Picture of Winona Wheeler

Winona Wheeler PhD 2000 University of California, Berkeley. MA 1988 British Columbia. BA (Hons) 1986 Manitoba.

Associate Professor

Faculty Member in Indigenous Studies

Kirk Hall 127

Research Area(s)

  • Indigenous Studies the Discipline
  • Cree intellectual traditions and oral history methodologies
  • Indigenous Knowledge
  • Anti-Colonial Theory & Approaches
  • History of Indigenous-Settler Relations
  • Land Claims & Treaty Rights
  • Community-Based/Engaged Research
  • History of First Nations Education, Indian Residential Schools, Missionary Relations

About me

Winona is a member of the Fisher River Cree Nation in Treaty No. 5 territory (Manitoba) though her family hails from George Gordon’s First Nation in Treaty No. 4 territory (Saskatchewan). Of Cree/Assiniboine/Saulteaux and English/Irish descent Winona has been a professional historian and a professor of Indigenous Studies since 1988.



Wheeler, Winona, Charles E. Trimble, Barbara W. Sommer, and Mary Kay Quinlan. Indigenous Oral History Manual, Canada and the United States. London: Routledge, 2023.

 Henning, D., & Wheeler, W. (2021) Rural Indigenous students’ postsecondary experiences: North and South of the Medicine Line. New Directions for Student Services, Special Issue: The Multiple Identities of Rural College Students. Vol. 20, series 171-172. 57-67. 

Wheeler, Winona and Robert A. Innes. Editors. Indigenous Ways of Knowing Reader. 2nd Edition.  Toronto: Pearson Publishers, 2012.

"Guidance from Early Fourth World Indigenous Resistance Literature in the Americas: The Historical Writings of Warren, Standing Bear and Ahenakew," pp. 136-151 in Raja Sekhar Patteti ed., Exploring Fourth World Literatures: Tribals, Adivasis, Dalits (New Delhi: Prestige International Publications, 2011).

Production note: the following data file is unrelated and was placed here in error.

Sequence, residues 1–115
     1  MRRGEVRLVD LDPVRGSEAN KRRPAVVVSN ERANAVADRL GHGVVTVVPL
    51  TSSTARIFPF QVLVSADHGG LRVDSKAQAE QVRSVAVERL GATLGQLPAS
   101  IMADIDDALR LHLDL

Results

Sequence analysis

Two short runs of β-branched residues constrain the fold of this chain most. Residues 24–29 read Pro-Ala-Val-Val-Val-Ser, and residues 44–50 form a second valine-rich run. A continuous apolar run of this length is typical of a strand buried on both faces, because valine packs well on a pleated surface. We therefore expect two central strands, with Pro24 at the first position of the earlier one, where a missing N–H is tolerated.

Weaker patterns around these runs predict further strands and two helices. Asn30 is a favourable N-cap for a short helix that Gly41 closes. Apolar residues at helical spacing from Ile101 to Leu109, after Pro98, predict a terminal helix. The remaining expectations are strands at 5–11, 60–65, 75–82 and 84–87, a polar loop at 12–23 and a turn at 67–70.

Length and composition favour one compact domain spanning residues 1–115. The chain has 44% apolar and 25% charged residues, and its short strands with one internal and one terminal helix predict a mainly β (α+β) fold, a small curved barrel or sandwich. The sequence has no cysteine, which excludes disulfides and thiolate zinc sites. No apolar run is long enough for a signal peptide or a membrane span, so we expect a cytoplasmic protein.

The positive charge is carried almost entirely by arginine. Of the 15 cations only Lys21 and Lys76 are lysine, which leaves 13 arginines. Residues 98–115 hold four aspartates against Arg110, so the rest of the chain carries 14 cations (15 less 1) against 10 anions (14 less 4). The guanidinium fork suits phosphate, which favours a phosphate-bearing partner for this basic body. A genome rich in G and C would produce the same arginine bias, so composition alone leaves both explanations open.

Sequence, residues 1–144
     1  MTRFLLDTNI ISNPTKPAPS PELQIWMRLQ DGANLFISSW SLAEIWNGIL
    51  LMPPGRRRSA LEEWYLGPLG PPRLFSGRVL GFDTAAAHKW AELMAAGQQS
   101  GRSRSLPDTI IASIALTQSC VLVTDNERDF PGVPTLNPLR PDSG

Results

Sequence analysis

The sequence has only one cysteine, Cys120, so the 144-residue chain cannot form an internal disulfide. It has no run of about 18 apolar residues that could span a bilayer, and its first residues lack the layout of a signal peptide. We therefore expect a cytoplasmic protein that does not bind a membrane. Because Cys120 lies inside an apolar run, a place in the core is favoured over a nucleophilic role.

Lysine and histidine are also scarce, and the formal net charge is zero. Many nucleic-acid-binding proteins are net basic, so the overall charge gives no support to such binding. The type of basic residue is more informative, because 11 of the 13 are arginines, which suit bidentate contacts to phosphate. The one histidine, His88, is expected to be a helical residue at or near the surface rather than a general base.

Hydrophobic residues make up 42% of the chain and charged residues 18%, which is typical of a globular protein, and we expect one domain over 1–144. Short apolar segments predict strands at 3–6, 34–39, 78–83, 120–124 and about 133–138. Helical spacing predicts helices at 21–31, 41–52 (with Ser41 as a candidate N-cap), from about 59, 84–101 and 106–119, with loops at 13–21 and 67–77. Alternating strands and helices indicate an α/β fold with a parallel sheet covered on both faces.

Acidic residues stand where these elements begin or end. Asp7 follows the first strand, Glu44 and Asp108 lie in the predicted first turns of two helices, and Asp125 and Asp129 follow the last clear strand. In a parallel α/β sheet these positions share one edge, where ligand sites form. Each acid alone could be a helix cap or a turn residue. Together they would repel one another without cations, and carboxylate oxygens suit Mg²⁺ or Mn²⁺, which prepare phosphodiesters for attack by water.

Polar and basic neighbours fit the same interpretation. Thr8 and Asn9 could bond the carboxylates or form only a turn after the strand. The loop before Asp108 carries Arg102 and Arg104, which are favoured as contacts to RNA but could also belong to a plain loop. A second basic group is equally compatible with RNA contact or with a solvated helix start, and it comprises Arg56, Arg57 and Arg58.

"The Fur Trade, Treaty No. 5 and the Fisher River First Nation," pp. 209-221 in Margaret Anne Lindsay and Malory Allyson Richards eds., Papers of the Rupert's Land Colloquium 2008 in Rocky Mountain House, Alberta (Winnipeg: The Centre for Rupert's Land Studies, 2010).

"Cree Intellectual Traditions in History,” pp. 47-61 in The West and Beyond: New Perspectives on an Imagined Region. Alvin Finkle, Sarah Carter, and Peter Fortna, eds.. Edmonton: Athabasca University Press, 2010.

“Harsh Lessons, Residential school scars run deep,” p. 5 in National History Society, Mark Reid ed.. 100 Photos that Changed Canada. HarperCollins Canada, 2009.

“Act of Defiance, Famous ‘no’ vote sank Meech Lake Accord,” p. 186 in National History Society, Mark Reid ed.. 100 Photos that Changed Canada. HarperCollins Canada, 2009.

“The Worst Canadian Contest: Sir John A. Macdonald.” The Beaver (August-September 2007): 35.

“Reflections on the Social Relations of Indigenous Oral History.” Pp. 189-214 in David T. McNab, ed.. Walking a Tightrope: Aboriginal People and Their Representations. Waterloo: Wilfred Laurier University Press, Aboriginal Studies Series, 2005.

“Urban Indian Reserves.” P. 187 in David J. Wishart, ed.. Encyclopedia of the Great Plains. Lincoln: University of Nebraska Press, 2005.

“Payipwat.” P. 591 in David J. Wishart, ed.. Encyclopedia of the Great Plains. Lincoln: University of Nebraska Press, 2005.

Teaching & Supervision

Undergraduate Courses (2010-present)

INDG 107.3 Introduction to Canadian Indigenous Studies

INDG 210.3 Indigenous Ways of Knowing

INDG 216.3 The Presence of the Past in Indigenous Life

INDG 281.3 First Nations History in Western Canada

INDG 302.6 Seminar on Indian History

INDG 350.6 Indigenous Studies Research Methods

INDG 351.3 Indigenous Oral Histories Research

INDG 430.3 Issues in Cultural Preservation

INDG 450.6 Research in Aboriginal Communities

INDG 454.3 Resistance and Resurgence in the International Indigenous World


Community-Based anti-colonial education indigenous knowledge oral history women